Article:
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Greg Skol's Art on Stonehenge

Artist, Greg Skol, tells us about his connection with Stonehenge for his paintings.

Red Afternoon Oil on Prepared Stonehenge Paper

Red Afternoon
Oil on Prepared Stonehenge Paper

"I was introduced to Stonehenge paper in the early 1980s, while a student at SVA (School of Visual Arts, NYC). An artist friend from the Bay Area was doing a semester residency at Parson’s School of Design. She was painting very large, neo-expressionist works on Stonehenge paper.. the large rolls which are about 50 inches wide. I was making mixed media works.... small but rigorous. We were both very aggressive with the media used. I don’t remember what paper I was using then (perhaps it was that unmemorable?)..... but the first work I did on the Stonehenge paper was the last time I wanted to use any of the other myriad choices of papers tried.


Some 35 years later, I still use Stonehenge paper exclusively. In all of that time I have never been disappointed or surprised by any deviation from the excellent quality. I also use the Rising Museum board exclusively for matting & framing the work..... again, consistent quality over a very long time!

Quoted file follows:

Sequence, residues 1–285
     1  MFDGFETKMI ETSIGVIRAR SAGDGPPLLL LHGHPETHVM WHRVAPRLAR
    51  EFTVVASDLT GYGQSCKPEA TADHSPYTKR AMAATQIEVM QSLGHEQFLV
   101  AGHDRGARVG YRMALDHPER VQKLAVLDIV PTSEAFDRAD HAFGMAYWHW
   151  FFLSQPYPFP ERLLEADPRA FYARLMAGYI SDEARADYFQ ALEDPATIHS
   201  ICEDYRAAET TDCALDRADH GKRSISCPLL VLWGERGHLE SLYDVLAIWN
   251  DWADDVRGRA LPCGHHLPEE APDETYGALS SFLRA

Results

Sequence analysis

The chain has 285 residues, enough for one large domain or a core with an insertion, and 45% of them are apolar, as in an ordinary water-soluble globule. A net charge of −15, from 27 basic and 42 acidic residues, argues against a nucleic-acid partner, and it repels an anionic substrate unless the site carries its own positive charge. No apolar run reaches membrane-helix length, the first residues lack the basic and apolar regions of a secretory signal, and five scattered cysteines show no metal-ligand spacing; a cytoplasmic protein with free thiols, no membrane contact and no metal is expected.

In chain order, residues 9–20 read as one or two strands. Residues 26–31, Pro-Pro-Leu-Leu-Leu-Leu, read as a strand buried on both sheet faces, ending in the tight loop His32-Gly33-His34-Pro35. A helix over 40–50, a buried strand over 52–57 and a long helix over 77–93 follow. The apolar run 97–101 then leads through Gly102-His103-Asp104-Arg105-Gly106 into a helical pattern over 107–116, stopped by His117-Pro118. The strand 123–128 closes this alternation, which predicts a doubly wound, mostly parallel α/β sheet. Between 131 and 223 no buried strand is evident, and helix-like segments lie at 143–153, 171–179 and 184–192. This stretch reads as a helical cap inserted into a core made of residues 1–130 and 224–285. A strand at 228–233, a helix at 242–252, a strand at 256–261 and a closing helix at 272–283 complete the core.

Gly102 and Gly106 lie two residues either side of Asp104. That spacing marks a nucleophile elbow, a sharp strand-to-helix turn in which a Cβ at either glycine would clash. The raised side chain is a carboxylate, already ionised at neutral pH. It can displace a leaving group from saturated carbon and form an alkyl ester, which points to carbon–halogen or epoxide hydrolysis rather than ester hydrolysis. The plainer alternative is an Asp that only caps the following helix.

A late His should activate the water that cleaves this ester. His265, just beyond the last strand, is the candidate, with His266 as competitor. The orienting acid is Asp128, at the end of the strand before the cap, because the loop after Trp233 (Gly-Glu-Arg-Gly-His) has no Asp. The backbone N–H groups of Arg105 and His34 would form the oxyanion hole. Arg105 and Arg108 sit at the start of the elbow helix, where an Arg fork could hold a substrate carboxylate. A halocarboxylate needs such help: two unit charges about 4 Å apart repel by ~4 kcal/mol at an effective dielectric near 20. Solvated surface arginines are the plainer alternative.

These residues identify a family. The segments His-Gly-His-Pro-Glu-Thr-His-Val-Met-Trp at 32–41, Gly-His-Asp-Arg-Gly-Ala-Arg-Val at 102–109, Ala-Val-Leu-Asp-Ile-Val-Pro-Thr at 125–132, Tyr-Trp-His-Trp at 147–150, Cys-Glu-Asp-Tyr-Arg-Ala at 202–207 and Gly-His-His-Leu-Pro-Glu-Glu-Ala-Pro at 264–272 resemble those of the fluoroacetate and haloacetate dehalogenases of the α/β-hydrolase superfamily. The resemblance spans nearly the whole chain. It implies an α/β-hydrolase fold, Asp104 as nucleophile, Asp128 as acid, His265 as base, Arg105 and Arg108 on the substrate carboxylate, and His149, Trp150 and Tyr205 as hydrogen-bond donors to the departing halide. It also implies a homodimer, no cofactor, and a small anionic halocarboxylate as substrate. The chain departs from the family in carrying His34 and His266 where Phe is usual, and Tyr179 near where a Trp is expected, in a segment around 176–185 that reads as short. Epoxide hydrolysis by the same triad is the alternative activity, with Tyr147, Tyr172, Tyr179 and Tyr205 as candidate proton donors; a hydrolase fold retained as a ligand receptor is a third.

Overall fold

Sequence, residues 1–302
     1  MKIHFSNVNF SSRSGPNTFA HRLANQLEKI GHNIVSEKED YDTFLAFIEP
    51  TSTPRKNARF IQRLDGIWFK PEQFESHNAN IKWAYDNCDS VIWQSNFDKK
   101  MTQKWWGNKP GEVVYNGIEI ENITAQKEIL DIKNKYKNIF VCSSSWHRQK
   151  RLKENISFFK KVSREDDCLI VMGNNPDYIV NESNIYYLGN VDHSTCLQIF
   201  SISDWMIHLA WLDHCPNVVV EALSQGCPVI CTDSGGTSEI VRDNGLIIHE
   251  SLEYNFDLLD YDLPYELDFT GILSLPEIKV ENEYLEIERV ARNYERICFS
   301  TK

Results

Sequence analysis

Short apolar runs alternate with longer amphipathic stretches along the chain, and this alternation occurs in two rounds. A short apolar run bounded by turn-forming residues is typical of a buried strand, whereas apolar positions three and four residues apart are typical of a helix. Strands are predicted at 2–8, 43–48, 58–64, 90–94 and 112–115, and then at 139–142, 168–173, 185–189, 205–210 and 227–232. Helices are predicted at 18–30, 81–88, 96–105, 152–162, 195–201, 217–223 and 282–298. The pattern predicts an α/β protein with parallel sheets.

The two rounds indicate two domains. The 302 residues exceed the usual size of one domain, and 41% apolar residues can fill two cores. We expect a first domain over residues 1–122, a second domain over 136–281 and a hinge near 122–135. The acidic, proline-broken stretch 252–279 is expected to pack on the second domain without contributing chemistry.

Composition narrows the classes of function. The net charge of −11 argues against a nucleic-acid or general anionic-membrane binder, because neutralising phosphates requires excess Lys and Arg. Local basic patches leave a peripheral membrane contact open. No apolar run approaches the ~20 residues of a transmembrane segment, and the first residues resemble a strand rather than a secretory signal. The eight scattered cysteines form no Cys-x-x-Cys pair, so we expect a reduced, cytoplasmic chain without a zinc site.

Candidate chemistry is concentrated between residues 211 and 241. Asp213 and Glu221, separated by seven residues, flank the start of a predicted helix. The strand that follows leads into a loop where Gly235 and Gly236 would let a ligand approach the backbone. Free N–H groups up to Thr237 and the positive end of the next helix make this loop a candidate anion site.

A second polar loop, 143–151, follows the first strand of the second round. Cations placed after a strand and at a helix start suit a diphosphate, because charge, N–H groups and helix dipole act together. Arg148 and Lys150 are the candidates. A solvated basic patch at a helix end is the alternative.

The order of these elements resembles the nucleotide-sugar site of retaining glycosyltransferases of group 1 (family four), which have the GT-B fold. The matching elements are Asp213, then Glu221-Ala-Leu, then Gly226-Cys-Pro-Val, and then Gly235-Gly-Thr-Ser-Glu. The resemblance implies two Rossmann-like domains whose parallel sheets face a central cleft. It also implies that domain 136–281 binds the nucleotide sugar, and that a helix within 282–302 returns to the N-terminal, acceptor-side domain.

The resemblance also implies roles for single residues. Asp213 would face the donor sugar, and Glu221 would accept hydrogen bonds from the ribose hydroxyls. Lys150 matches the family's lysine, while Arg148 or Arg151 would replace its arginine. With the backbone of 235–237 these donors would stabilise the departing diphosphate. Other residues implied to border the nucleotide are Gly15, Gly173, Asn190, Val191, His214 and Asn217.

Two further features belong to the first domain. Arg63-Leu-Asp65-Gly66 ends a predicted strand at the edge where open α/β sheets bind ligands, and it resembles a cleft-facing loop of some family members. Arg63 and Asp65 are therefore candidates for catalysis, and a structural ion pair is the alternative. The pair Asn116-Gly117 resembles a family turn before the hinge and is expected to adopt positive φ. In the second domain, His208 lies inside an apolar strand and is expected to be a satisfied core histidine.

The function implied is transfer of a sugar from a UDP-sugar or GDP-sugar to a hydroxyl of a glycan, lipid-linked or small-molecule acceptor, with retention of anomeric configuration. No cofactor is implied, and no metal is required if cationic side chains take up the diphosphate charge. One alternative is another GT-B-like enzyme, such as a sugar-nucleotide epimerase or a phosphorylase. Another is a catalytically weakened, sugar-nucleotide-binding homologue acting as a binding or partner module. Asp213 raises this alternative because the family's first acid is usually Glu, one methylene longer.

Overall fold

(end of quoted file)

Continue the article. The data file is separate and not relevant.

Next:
Misty Lake, Oil on Stonehenge Paper, Framed with Rising Museum Board 8 Ply

Misty Lake, Oil on Stonehenge Paper, Framed with Rising Museum Board 8 Ply


I use oil paint on Stonehenge paper. I suppose I am a bit of an art materials “geek”. I like to know how the products are made, what goes into them, where they are made etc.... My personal opinion is that the cotton “rag” paper (actually made form linters, not rags, as the name suggests) is more archival than most canvas products produced today. Much of the canvas products are made under questionable “circumstances” (in my opinion and from what I could glean from information that is provided) and without any real specificity on the process, raw materials etc...  Stonehenge paper information is readily available and accessible. 


I spend a lot time creating my work and I ask my collectors to spend “good money” on the work.  I begin with thin layers of semi-opaque acrylic primer..... as many as 15 layers. When I am done priming, the “feel” of the Stonehenge paper is still intact. The “feel” of the surface.... the ratio of tooth & smoothness & absorbency. I work many layers of both opaque and transparent oil. There is no “buckling” during any of the process. The paper absorbs the primer in a way that both seals, isolates the paper and yet allows the character of the paper itself to be “felt” beneath the brushes. I have used this same paper for works in acrylic & graphite (unprimed, of course).... straight graphite, intaglio printmaking, woodcuts, collage work and more. No matter what media or rigorous use of media..... I never second guess the archival & permanence quality. Works in perfect, conservation quality from 35 years ago speak to that."

View more of Greg Skol's work here on his website.